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Patients can experience surprise medical bill with both Medicare and Medicare Advantage plans.

Column: Fix, don’t eliminate private Medicare plans

Editor’s Note: Journalist Philip Moeller is here to provide the answers you need on aging and retirement. His weekly column, “Ask Phil,” aims to help older Americans and their families by answering their health care and financial questions. Phil is the author of the new book, “Get What’s Yours for Medicare,” and co-author of “Get What’s Yours: The Revised Secrets to Maxing Out Your Social Security.” Send your questions to Phil.


George: My experience with a Medicare Advantage plan was not good. The insurance company had been fine for several years, but then I received a large bill of more than $1,000 from the hospital for procedures that had been covered much more completely in the past. We went back and forth with the hospital and the insurer for six months and finally resolved matters. I concluded that the real reason Medicare and the insurance companies loved Advantage plans so much is that they permitted the insurance company to step in front of Medicare as primary provider and deny portions of a claim. The advantage to Medicare and the company is a cost reduction, with the sick person paying more for their care. This is very clever on their part but does the public no good.

Please do not recommend Medicare Advantage plans in your columns.

Phil Moeller: Thanks for sharing your story, George. I hear from readers all the time who are convinced that one package of Medicare is clearly better or worse than another. I’ve also noted repeatedly in my columns that people need to be aware of the shortcomings of Medicare Advantage plans compared with original Medicare.

Having said this, I believe there clearly are situations where people are better off with Medicare Advantage than original Medicare. With 35 percent of all Medicare enrollees having Medicare Advantage plans, the challenge is to make them better, not get rid of them.

So, while I do not recommend one type of Medicare in favor of another, I think there are legitimate roles for all types. This does not make what happened to you acceptable. And while I doubt it will make you feel better, I also get stories from people with original Medicare who say they have had experiences similar to yours.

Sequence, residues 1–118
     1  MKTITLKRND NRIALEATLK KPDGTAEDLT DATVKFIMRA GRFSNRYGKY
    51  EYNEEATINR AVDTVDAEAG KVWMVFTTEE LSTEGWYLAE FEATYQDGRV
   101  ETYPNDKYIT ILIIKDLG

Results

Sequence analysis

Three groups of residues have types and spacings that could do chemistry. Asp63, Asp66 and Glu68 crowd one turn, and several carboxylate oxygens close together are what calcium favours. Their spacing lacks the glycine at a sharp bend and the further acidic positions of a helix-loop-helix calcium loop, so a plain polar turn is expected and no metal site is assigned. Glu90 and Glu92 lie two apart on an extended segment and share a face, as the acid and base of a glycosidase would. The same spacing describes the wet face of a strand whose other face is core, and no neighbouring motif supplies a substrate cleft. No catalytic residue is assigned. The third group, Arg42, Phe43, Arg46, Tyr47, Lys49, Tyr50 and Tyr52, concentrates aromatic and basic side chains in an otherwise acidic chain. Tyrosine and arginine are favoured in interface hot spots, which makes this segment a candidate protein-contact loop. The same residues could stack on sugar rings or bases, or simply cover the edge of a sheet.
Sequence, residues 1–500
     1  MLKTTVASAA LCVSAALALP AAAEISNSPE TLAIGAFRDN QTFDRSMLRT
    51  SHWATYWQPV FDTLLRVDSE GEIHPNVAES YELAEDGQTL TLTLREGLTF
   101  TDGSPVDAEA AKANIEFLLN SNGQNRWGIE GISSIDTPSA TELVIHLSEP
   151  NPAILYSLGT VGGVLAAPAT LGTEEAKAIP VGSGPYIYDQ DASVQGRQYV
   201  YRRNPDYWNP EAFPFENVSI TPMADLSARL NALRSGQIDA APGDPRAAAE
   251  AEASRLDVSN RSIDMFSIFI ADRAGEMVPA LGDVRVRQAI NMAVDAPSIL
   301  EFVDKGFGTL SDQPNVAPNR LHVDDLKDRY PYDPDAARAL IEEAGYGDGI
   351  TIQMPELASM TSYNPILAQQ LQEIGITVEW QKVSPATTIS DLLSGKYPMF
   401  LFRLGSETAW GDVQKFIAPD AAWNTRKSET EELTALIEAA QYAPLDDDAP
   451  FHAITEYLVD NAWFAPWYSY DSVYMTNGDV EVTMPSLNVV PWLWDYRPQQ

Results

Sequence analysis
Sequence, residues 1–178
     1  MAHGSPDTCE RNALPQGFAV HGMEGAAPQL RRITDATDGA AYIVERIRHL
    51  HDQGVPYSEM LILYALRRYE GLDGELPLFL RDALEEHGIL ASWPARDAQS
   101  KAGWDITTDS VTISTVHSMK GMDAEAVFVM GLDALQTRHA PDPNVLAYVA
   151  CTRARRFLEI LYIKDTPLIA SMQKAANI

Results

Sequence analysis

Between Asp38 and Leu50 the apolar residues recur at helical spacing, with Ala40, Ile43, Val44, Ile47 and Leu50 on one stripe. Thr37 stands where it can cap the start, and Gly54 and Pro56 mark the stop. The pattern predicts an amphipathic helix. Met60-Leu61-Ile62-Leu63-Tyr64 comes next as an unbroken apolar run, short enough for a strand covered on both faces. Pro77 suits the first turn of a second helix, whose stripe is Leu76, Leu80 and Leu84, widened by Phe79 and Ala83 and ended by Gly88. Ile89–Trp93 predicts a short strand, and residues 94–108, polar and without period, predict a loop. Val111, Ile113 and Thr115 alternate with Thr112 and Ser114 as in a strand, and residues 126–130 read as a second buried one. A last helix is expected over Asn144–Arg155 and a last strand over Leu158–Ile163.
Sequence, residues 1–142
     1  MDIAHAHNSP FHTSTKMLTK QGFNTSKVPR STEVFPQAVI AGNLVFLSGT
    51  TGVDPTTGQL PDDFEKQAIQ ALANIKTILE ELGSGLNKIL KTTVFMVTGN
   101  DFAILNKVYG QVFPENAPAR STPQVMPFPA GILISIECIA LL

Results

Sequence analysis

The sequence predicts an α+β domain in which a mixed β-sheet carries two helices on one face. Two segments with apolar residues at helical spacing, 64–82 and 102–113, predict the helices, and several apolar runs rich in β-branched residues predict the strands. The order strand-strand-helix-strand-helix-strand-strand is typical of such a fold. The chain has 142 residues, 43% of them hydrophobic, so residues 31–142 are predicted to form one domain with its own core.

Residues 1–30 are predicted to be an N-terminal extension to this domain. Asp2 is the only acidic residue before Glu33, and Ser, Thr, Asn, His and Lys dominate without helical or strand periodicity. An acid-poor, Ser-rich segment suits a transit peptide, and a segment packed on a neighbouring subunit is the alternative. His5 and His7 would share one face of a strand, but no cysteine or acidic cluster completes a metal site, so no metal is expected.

Carolyn: I may claim Social Security when I turn 66, which is happening soon, or I can wait until later. But if I wait, I will be losing all those years of payments. My sister keeps telling me you need to claim at 66 to avoid losing all that money. Is this true? No one has ever mentioned this in anything I’ve read.

Phil Moeller: The Social Security book I co-authored has more on this topic than you probably want to read! In brief, if your full retirement age is 66, your monthly benefit if you wait until 70 to file will be 32 percent higher for the rest of your life. Of course, you would be giving up four years of age-66 benefits. And those benefits, I should stress, would be 32 percent lower than your age-70 benefits for the rest of your life.

I think that gains in longevity make waiting the superior option, unless you have life-shortening health conditions or are in such need of current income that you can’t really afford to wait.

Otherwise, waiting until 70 substantially increases the odds that you will not outlive your retirement funds. Opinion surveys regularly find that people fear this more than actually dying!

There is a large amount of information on the internet that advises people to make this important claiming decision by calculating their personal “payback” periods, which are defined as the length of time it would take their cumulative age-70 benefits to equal what they would have received had they claimed at age 66.